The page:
So, what can we begin to conclude? Today's action is just another sign that the very nasty selloff that began on 11/28/12 concluded on 1/4/13. Gold fell from 1755 to 1620 (7.7%). Silver fell from 34.50 to 29.25 (2X at 15.2%).

We'll know it's truly over and begin to sound the "all clear" when gold is back above 05 (currently the 50-day MA is 1700 and the 100-day is 1717) and silver is back above .50 (though the Mar13 silver 50-day is near 32.08 and the 100-day is 32.56).

As I close, I see that this morning's rallies are extending. Gold is 1675 and silver is 30.75. Very nice and a very good sign. Let's keep it rolling!

TF

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  283 Comments

ltcolkilgore
Jan 10, 2013 - 11:00am

maybe

?

My first and last first.... I promise!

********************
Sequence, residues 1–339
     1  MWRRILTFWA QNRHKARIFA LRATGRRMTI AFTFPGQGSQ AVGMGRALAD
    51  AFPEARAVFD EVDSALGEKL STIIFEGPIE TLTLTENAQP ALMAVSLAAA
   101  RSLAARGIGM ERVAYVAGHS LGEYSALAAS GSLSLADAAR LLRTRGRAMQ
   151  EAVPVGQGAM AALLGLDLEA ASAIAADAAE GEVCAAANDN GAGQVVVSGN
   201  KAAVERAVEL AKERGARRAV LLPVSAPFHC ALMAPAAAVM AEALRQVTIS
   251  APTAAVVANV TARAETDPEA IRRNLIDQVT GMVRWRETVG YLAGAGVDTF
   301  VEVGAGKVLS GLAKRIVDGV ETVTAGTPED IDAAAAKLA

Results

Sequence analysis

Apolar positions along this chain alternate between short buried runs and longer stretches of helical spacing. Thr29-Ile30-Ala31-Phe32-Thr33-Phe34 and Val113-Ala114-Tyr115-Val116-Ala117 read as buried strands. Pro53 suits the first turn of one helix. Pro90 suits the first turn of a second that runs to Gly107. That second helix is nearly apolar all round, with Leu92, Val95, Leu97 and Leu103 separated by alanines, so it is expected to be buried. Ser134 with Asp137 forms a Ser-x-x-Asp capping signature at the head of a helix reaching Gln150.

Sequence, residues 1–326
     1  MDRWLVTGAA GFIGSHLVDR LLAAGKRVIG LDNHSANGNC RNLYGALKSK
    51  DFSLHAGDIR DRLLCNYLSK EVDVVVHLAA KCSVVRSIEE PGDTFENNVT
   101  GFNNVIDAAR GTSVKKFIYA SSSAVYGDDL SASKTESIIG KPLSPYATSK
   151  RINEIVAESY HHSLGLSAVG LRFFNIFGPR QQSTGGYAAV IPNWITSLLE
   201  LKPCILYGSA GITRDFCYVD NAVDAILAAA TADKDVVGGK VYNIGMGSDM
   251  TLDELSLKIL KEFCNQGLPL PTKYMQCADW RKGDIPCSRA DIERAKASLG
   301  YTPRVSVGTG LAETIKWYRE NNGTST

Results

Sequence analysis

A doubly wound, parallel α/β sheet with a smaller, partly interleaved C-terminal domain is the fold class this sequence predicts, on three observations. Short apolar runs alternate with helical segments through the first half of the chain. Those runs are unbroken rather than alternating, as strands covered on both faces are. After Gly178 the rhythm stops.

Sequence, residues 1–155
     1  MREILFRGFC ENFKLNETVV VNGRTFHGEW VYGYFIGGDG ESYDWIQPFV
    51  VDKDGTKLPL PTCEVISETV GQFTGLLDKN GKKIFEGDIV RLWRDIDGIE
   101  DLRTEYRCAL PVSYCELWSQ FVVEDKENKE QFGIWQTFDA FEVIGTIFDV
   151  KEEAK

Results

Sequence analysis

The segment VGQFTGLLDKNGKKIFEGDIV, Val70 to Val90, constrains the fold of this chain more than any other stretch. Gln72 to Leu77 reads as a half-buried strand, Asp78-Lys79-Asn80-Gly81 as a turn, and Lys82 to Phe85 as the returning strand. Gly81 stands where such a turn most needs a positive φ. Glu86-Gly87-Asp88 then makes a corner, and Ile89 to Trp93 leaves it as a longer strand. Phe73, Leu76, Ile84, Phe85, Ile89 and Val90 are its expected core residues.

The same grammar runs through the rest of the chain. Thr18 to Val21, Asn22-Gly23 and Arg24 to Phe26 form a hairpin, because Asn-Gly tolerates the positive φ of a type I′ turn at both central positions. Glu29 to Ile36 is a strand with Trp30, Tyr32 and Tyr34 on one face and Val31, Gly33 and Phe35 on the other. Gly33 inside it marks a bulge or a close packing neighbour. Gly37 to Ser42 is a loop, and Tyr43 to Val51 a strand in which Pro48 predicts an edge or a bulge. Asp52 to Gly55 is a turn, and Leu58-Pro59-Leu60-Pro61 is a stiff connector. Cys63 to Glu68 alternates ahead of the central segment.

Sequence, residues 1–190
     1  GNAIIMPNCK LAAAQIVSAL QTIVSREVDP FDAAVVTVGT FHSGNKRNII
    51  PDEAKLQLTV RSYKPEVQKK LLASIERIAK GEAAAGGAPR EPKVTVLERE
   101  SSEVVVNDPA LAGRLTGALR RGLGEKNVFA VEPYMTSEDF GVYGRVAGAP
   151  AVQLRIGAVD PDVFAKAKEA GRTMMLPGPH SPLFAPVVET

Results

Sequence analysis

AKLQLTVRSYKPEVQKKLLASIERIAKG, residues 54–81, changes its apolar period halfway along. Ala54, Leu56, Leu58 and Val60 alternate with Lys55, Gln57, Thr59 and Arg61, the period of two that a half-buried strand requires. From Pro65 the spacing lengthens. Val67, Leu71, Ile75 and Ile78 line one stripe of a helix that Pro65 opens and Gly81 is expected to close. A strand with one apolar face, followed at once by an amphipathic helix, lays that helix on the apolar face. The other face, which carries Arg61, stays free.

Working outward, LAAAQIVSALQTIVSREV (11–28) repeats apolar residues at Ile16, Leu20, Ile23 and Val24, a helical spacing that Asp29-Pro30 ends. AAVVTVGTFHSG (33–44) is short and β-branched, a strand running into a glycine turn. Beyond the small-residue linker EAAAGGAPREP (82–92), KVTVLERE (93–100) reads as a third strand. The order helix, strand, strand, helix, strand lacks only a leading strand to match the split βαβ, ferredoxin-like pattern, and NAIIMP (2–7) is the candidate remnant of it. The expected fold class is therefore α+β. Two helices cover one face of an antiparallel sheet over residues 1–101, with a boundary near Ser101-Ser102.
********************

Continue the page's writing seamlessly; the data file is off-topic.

agNau
Jan 10, 2013 - 11:04am

He is...

quite literally the glue that holds it all together! www.youtube.com/watch?v=xm3VMrKqJSA Four Years, and counting. Squeeze is on John......pleeeeeze come back. We need your help!

lakedweller2
Jan 10, 2013 - 11:06am

Santelli

He just had a presentation on a proposal to track PM sales and puts the burden on the dealers. Then he referred to Roosevelt's confiscation order. The point seemed to be that the government is in trouble so they may eventually go after your stack in the basement.

Things just go downhill.

jezfry
Jan 10, 2013 - 11:09am
Grublux
Jan 10, 2013 - 11:09am

Fifth?!

Been a while since the top ten!

Feels good...

Sandlapper
Jan 10, 2013 - 11:13am

Trillion dollar coin

Trillion Dollar coin seems to keep coming back